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Tapping on Technology for Cancer Treatment

Cancer is a medical condition where uncontrollable cell growth, both in terms of size and number, leads to malignant tumours. When detected early, cancer is mostly treatable.

Dr Lim Hwee Yong, a senior consultant and medical oncologist at the Novena Cancer Centre said: “Treatment options include utilising molecular, genetic and immunological cell-identifying methods.”

Dr Lim Hwee Yong and Dr Shang Yeap with their clinic staff

Accurately identifying cancer cells

These provide a deep understanding of cellular structures, functions, interactions and responses on a molecular level to facilitate effective treatment solutions.

To do so, the ability to pinpoint the identity of cells is important. Dr Lim said: “Cancerous cells growing on the same organ may not all be of the same type. To offer more precise and personalised treatment, it is crucial to accurately identify the different cancerous cell types by recognising their molecular markings and characteristics.”

Turning knowledge into treatment methods

For targeted and responsive treatments, chemical agents are engineered to recognise cancerous cells. 

1. In immunotherapy, drugs are developed to bind to tumour cells. The binding flags tumour cells to be recognised and eliminated by the immune cells. Alternatively, the binding develops molecules that activate the immune system to get rid of these tumour cells.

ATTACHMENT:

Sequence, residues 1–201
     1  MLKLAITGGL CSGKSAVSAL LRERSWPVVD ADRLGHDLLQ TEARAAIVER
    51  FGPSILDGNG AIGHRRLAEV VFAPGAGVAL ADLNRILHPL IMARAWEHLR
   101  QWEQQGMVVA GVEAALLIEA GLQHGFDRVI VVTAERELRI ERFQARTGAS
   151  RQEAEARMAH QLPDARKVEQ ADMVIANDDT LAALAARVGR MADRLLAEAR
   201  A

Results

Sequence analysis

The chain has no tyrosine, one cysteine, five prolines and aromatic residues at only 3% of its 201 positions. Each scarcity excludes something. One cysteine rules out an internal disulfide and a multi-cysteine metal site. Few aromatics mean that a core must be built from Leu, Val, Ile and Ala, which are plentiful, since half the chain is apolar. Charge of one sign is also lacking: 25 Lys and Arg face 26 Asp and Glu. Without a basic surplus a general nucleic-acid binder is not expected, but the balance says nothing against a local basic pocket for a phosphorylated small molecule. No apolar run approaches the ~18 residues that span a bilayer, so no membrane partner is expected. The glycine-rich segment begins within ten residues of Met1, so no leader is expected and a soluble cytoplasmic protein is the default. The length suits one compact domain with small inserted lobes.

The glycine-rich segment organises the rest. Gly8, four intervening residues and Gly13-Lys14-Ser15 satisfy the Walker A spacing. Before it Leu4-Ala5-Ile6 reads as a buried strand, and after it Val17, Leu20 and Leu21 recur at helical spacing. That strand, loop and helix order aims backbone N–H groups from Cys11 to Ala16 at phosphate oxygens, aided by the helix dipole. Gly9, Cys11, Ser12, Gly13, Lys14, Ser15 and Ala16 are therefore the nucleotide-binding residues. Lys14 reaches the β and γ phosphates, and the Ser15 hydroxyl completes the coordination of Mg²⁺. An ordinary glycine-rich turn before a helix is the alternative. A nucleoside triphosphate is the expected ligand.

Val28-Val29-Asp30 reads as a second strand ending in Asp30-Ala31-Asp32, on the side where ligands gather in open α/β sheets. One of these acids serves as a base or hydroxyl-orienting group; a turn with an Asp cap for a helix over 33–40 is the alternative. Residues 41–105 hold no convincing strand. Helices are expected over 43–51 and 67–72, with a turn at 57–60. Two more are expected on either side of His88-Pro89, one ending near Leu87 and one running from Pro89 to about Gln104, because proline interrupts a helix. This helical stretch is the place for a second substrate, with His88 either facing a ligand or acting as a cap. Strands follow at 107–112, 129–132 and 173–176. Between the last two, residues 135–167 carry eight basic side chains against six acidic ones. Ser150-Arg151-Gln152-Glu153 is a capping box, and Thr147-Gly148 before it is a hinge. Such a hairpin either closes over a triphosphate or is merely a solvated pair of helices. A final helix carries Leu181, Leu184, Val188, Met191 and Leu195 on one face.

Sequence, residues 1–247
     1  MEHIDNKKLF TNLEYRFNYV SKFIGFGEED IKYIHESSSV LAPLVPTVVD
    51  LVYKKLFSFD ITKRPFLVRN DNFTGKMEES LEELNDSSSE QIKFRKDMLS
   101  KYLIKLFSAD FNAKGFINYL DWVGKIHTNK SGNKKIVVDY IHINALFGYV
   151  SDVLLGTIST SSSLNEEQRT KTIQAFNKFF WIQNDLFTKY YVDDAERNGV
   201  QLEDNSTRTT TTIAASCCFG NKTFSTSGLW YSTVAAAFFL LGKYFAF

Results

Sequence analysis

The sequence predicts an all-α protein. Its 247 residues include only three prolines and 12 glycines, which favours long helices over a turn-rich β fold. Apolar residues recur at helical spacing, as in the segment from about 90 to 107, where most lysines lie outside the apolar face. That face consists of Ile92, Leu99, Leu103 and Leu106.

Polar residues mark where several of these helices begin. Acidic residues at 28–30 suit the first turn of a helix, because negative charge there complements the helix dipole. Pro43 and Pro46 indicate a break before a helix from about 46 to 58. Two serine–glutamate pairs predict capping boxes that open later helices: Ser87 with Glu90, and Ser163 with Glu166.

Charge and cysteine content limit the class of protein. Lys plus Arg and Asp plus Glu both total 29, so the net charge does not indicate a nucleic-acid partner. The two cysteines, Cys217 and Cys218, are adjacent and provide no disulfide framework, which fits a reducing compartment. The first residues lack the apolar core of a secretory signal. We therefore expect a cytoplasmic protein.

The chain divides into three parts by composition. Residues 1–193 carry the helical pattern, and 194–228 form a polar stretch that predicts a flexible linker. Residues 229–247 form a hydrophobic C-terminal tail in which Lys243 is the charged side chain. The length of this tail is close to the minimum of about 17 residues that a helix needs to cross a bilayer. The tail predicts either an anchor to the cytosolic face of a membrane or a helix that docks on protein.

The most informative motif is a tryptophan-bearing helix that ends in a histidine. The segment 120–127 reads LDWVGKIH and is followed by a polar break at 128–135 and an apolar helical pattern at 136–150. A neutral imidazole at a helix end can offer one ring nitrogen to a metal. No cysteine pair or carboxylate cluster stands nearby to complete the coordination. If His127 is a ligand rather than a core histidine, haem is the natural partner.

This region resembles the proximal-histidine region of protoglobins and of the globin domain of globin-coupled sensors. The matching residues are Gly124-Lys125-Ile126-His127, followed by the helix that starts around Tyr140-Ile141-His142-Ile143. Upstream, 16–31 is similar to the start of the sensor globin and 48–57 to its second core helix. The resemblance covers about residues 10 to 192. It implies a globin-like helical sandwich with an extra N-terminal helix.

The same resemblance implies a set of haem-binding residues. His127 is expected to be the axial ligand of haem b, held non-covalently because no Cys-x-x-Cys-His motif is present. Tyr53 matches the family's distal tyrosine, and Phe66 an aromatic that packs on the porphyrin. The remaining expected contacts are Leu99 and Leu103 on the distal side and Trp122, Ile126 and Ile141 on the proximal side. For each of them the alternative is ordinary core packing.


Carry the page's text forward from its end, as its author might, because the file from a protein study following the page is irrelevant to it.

2. Localised nano-sized radioactive particles are released into the artery 
feeding the tumour in an effort to eliminate it. This precise, minute and localised form of radiotherapy has lower radioactive dosages. 

3. For effective cancer prevention, cancer vaccines release engineered inactive molecular factors that identify cancer or its causation factors into the body, training the immune system to recognise and destroy them. In future, should any similar cancer cells appear, the body would be more well equipped to destroy such cells.

Supportive treatment is paramount

With possible side effects linked to treatment, patients’ quality of life and immune system are often compromised. Supportive measures allow cancer treatments to be as non-disruptive as possible.

Dr Lim says that supportive medications will alleviate side effects, improve tolerance and effectiveness of treatments, and allow patients to maintain active, good quality daily life.



Mount Elizabeth Novena Hospital

38 Irrawaddy Road #09-41, Singapore 329563

Opening Hours:
Mon - Fri: 9am - 6pm
Sat: 9am - 1pm

Contact number: 6339 0233

Mount Alvernia Hospital

820 Thomson Road #07-58, Medical Centre D,
Singapore 574623

Opening Hours:
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Sat: 9am - 1pm

Contact number: 6339 0233
Fax: 6339 1338